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Date Night: A diverting evening out 

The third time's the charm thanks to Date Night, a likable lark that just makes the cut due largely to the appeal of stars Steve Carell and Tina Fey. After suffering through the dreadful one-two sucker punch of Did You Hear About the Morgans? and The Bounty Hunter, it's nice to cozy up to a decent comedy that also centers on a marital couple trying to stay one step ahead of murderous thugs.

The chemistry between Bounty's Gerard Butler and Jennifer Aniston was even more non-existent than that between Morgans' Hugh Grant and Sarah Jessica Parker, but that's clearly not the case here. As Jersey suburbanites Phil and Claire Foster, Carell and Fey not only bounce off each other as accomplished comedians, but they're also completely believable as a longtime married couple who love each other but worry that all excitement has been drained from their union. On one of their patented date nights away from the kids and other familial obligations, they opt to forego the usual salmon 'n' potato skins at the local dive in order to head to Manhattan for a swanky dinner at a posh new seafood restaurant. Unable to secure seats (as the haughty maitre d' informs them, reservations are required a month in advance), they decide to pose as the Tripplehorns when the latter-named fail to turn up when their table is called. Unfortunately for Phil and Claire, their impulsive act leads to a case of mistaken identity straight out of Alfred Hitchcock: As in North by Northwest and Saboteur (to name but two), good people find themselves running from dangerous villains while trying to clear their names and escape with all vital organs intact.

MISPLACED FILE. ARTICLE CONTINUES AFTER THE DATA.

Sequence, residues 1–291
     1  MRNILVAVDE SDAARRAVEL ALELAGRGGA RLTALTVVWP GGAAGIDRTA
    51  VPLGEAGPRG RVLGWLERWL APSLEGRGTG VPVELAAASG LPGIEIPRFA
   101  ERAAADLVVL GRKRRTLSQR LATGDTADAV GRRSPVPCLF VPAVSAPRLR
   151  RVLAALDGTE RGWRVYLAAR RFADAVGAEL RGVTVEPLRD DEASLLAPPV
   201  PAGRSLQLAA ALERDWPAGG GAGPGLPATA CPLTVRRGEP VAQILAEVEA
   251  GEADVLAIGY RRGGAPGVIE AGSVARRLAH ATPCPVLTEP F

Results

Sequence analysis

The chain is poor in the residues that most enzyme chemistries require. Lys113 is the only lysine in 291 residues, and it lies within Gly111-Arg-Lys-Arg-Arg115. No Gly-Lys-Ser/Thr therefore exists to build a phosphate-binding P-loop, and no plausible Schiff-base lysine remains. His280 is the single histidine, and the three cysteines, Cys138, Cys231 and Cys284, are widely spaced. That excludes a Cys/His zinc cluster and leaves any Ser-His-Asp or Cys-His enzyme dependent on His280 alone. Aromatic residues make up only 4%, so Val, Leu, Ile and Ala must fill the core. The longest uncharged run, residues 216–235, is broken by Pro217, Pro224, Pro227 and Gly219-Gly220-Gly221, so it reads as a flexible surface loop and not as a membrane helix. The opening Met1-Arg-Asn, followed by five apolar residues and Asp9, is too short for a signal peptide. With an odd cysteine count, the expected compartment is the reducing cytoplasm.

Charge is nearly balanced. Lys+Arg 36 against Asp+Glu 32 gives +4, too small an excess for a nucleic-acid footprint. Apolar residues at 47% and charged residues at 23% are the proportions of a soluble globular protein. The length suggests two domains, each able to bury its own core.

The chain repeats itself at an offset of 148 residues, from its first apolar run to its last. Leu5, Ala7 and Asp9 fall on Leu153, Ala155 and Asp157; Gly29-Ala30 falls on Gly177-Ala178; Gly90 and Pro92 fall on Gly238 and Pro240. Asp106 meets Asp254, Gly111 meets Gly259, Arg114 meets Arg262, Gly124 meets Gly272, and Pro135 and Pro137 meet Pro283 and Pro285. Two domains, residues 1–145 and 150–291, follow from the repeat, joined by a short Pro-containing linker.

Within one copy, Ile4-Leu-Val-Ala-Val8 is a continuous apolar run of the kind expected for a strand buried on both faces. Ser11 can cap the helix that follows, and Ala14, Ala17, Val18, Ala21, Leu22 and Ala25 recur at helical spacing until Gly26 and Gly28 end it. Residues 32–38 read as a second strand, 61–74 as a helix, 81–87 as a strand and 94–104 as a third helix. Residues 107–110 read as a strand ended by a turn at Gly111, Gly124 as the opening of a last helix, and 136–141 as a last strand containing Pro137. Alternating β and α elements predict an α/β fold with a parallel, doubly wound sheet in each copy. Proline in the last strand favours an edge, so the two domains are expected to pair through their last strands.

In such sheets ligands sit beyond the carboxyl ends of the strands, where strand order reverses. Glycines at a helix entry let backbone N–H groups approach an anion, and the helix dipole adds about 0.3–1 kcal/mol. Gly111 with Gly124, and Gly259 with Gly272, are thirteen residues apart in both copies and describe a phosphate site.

Shawn Levy is a mediocre director at best (Night at the Museum, ill-advised remakes of The Pink Panther and Cheaper by the Dozen), which explains why the movie grinds to a dead halt whenever the attention shifts from the leading players' personalities to the usual bouts of gunplay and vehicular destruction. But the film clicks whenever Carell and Fey are allowed to fully engage each other, whether they're serving up the anticipated comic riffs or, somewhat unexpectedly, settling down to discuss the commonplace difficulties faced by married couples who feel they can no longer surprise (or even excite) their partners. And while most of the supporting characters are stock (crooked cops, sleazy mob kingpin, sassy babysitter, etc.), there's a nice contribution by Mark Wahlberg as a buff security expert whose religion apparently prohibits the donning of shirts -- this macho man's perpetual refusal to cover his bulging pecs proves to be a bright running gag. Add to this some clever pop-culture references (quips involving Cyndi Lauper and Fat Albert made me laugh long and loud), and the end result is a pleasant date night at the movies -- nothing more, nothing less.


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